There are a ton of reasons that Die Hard became the action classic that it did, but the main reason Bruce Willis' John McClane endured as a movie icon has nothing to do with the violence of the film or the scale of John McTiernan's shootouts: it was his personality. He was a fish out of water -- a New York cop in trendy California suddenly faced with taking out a building full of terrorists. He got through it with a pissed-off sense of humor, not throwaway one-liners, but actual jokes and quips that rounded out exactly who this guy was.
A Good Day to Die Hard, aka Die Hard 5, won't have many of those, apparently. Director John Moore (Max Payne) tells Empire he doesn't think people want to see that side of McClane anymore.
No, because that’s preposterous! I don’t know whether it’s post-financial crash or whatever, but I don’t think people are in the mood for that bollocks anymore. People are well savvy to the cynical reheating of any product, any franchise. Any sh*t won’t do. The bar’s a bit higher.
Say what you will about Die Hard 2 not being as good as the first film, but at least John McClane was still the same John McClane from the first film. He was still talking trash to the terrorists. He was still pissing off the dumber cops around him. He even jokes about how can the same thing happen to the same guy twice, and it all just further made us love that bitter, bald(ing) badass. The same goes for Die Hard with a Vengeance, which actually turned the humor up even more by giving Willis Samuel L. Jackson to play off of.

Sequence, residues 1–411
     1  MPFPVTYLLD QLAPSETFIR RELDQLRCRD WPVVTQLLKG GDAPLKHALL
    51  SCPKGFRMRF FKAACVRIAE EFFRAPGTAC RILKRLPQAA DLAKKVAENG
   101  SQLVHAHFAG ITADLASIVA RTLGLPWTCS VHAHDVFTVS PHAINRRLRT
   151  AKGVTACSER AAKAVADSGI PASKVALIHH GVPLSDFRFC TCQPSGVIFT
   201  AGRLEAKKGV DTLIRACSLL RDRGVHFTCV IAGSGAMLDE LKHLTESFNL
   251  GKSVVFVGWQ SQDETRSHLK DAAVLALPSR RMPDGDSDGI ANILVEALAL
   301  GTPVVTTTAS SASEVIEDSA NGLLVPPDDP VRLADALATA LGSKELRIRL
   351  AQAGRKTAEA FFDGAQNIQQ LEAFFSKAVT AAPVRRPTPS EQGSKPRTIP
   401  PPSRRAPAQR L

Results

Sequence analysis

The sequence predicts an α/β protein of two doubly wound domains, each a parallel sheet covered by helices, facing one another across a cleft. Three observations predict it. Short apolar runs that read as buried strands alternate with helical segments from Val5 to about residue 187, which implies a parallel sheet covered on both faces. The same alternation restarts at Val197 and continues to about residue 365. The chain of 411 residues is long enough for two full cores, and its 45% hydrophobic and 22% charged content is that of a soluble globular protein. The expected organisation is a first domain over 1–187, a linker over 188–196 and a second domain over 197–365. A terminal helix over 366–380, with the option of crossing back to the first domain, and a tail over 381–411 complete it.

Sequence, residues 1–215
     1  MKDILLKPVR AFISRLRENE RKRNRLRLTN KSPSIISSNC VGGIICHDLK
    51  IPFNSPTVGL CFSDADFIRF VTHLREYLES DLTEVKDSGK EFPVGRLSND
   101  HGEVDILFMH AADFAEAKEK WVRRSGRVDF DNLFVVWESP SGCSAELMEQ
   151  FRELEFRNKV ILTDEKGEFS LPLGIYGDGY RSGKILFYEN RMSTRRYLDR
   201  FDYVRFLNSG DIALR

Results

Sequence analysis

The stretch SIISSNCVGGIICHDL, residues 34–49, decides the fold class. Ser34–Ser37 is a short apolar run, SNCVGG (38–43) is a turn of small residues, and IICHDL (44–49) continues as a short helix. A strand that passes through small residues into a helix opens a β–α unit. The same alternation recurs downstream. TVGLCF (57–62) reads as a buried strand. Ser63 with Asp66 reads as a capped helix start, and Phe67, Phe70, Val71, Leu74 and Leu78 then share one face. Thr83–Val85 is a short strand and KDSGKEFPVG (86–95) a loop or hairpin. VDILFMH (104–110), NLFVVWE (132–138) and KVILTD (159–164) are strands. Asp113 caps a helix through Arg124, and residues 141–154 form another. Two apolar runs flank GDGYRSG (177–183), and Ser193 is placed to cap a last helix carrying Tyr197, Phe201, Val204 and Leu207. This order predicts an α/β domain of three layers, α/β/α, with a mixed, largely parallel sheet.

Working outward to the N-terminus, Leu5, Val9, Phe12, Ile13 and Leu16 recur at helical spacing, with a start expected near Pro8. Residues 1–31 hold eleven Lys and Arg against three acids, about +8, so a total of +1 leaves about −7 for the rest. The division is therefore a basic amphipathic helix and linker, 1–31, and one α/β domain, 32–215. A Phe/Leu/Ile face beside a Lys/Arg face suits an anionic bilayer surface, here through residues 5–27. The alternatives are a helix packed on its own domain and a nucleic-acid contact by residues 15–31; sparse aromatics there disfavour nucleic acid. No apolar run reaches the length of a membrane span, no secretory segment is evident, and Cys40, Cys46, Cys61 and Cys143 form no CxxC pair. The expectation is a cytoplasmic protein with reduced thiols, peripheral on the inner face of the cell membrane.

But Live Free or Die Hard handed most of the comic relief off to Justin Long. And as likeable as Long is, people missed that side of McClane. The movie might not have been a total disaster, but we can all agree any Die Hard should have more John McClane being John McClane and less ridiculous, CGI-enhanced car crashes and fighter-jet showdowns.
Well, fans can agree on that, at least. John Moore doesn't. In addition to a sobering up of McClane's quips, the movie is apparently far more concerned with raising the spectacle bar than the character bar.
The scope along goes from New York to Moscow. It’s very, very international. There’s a car chase through Moscow that’s taking us 78 days to shoot.
A car chase so elaborate it takes 78-days to shoot should be an absolute selling point for most any action movie, but unfortunately John McClane isn't just any action hero. He's not Jason Bourne. He's not Dominic Toretto. Leave those crazy, implausible flights of fancy to the Bourne and Fast and Furious franchises. No matter how big the scale of the effects and the set pieces, unless this feels like vintage McClane, it will actually feel exactly like what Moore fears: a cynical reheating. There's a big difference between reheating and cooking from the same recipe, and hopefully this ends up being more of the latter by the time it hits theaters on Valentine's Day, 2013. So far we're not wildly optimistic, though. What about you?
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